"One bride told me that she walked out of a bridal store after she saw that they had written 'fat, difficult' next to her name in their diary.

"Another girl visited a bridal shop with her bridesmaid - both plus-size ladies - a shop that claimed it stocked plus-size dresses.

"The first thing the owner said to them was, 'Oh, we won't have anything to fit either of you'. And then there was a good friend of mine who shared a post on social media describing how a bridal store was selling weight loss products. Absolute madness.

"But these are just some of the obstacles that brides face, not only here but in many other parts of the UK and Ireland every day. It beggars belief."

In order to get a clearer picture of the landscape - to experience for herself the culture of fat-shaming that seemingly existed within the wedding industry and find out if it really was so difficult to source a suitable dress. Rebecca sought to expand her research. Determining to be as objective as possible, she set out on a trip to find a size 24 dress that would fit her.

"I made out a list of bridal stores, called in advance and asked if they would have samples to fit me and was told 'yes'. Yet, in the event, not one single store had a garment in my size. In fact, in one store the owner simply put my arms through a smaller dress, held it against me and tried to convince me to buy it - at £1,300, and with it clearly much too small. I was so disappointed, and if I had been looking for my special dress, I would have left feeling completely devastated and just awful.

"So I started looking even further, learning about plus-size brands, and found that it was nearly impossible to buy a plus-size dress in the UK for under £1,000. Our dresses are all priced between £399-£1,300 with the most popular styles between £500 and £1,000.

"It was then that the idea for Curvy Chic Bridal came to mind. I began to search for brands in the US and mainland Europe markets, and before long started to work with some fantastic suppliers that were passionate about finding bespoke solutions for the plus-size bride. Curvy Chic Bridal became a reality."

Rebecca saw fit to test the water and launched a Facebook business page without much fanfare, "thinking we would use it to drum up a bit of interest, and within hours we had women contacting us wanting to try dresses on, which just proved to us that this huge gap in the market existed was there to be filled".

"At Curvy Chic Bridal, we believe every woman deserves a joyful and fulfilling experience when shopping for her wedding dress, but the curvier bride too often faces disheartening challenges," she says.

"A lot of plus-size girls, therefore, opt to have their dresses made, often at great expense, or buy a formal dress and just accept they have to wear a coloured dress. It shouldn't be that way.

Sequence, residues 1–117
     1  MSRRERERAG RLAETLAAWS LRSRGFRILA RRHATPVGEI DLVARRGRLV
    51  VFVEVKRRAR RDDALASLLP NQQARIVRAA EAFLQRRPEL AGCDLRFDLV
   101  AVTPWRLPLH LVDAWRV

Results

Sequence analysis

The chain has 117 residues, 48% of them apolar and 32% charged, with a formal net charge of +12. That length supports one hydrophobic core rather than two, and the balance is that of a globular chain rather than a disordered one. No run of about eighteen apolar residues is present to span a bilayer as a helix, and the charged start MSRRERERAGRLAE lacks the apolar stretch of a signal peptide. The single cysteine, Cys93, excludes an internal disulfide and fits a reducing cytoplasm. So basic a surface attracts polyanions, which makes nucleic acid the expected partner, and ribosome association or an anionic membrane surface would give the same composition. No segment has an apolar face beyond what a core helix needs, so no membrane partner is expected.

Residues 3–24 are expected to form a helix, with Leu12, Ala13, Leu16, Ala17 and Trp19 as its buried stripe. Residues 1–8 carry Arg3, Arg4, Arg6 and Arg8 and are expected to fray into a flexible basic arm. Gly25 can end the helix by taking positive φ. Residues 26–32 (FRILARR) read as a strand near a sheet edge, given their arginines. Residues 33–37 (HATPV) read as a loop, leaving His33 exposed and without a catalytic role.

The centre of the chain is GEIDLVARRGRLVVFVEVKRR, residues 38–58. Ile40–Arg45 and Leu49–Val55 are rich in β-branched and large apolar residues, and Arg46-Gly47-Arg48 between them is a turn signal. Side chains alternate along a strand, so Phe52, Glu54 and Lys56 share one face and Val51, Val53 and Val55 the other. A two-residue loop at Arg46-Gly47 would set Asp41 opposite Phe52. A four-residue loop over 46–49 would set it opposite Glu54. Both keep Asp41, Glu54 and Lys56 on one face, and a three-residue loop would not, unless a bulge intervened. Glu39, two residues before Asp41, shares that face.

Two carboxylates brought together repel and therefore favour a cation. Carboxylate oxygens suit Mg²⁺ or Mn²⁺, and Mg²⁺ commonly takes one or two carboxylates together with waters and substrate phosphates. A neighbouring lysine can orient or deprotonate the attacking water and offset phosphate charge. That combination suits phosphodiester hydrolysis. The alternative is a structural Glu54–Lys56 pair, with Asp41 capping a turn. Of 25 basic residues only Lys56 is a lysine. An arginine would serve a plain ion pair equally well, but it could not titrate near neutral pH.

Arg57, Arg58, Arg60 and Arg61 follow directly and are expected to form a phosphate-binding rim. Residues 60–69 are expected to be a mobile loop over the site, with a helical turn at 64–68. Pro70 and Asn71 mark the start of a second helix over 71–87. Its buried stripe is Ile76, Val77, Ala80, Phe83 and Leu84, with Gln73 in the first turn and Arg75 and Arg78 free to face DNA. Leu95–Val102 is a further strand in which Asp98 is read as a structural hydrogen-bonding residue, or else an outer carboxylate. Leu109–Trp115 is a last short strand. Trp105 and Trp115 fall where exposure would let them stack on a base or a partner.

"Then there's the ridiculous sizing of wedding dresses. A normal clothing size 14 is an 18-20 size wedding dress, which doesn't make any sense. It's just a total mess.

"So with Curvy Chic Bridal, we don't deal in sizes, we just take measurements and the bride never knows what size is being ordered. We find it's a much better approach for all concerned. We try to treat everyone like family."

Rebecca currently operates Curvy Chic Bridal from her home in east Belfast, with two rooms given over to the business and another used as a make-up studio, and is in the process of sourcing a suitable retail unit somewhere in the city centre.

"Recent clients have commented that it is a really nice, relaxed atmosphere, that they feel comfortable trying dresses on here, which is just what we want, so it's important that we find the right shop going forward," she says.

Since launching, Rebecca has sold seven dresses - "Not bad for a start-up" - and is working to expand her collection of full-figured and one-of-a-kind wedding gowns from all over the world in sizes 16-44.

It is her aim to provide a welcoming, non-judgmental environment in which plus-size women can shop, chat, find the dress of their dreams and ultimately enjoy their day out.

"There seems to be a culture of fat-shaming in the wedding industry," she claims.

"A train of thought which assumes if you're overweight in any way you will obviously want to lose weight for your wedding. I don't understand that.

"Your partner is marrying you, not you as long as you lose a few stone, yet we have bridal stores selling weight loss products.

"There is nothing being done to assist plus-size brides. In fact, they're treated more as a bit of a pain, which is just horrendous. Plus-size brides aren't afforded the same experience or treatment as slim brides.

"More often than not, they're shoved into dresses that are far too small and rushed out the door."

Thankfully there now exists here a boutique outlet for the plus-size bride, and the hope is that other bridal stores will follow suit - remove the slimming group posters, discontinue to sell dietary pills, stock a selection of dresses to suit all customers. So when it comes to her own big day, she should have plenty of choice.

"Colum and I would love to get married, possibly in 2018, but all of our savings are tied up in the business at the moment and engagement rings are pricey. But our time will come," says Rebecca.

"As it is, we're both very busy people and I'm just happy to play a part in my clients' wedding days.

"Long may that continue."

  • Visit Curvy Chic's Facebook page for more details

Belfast Telegraph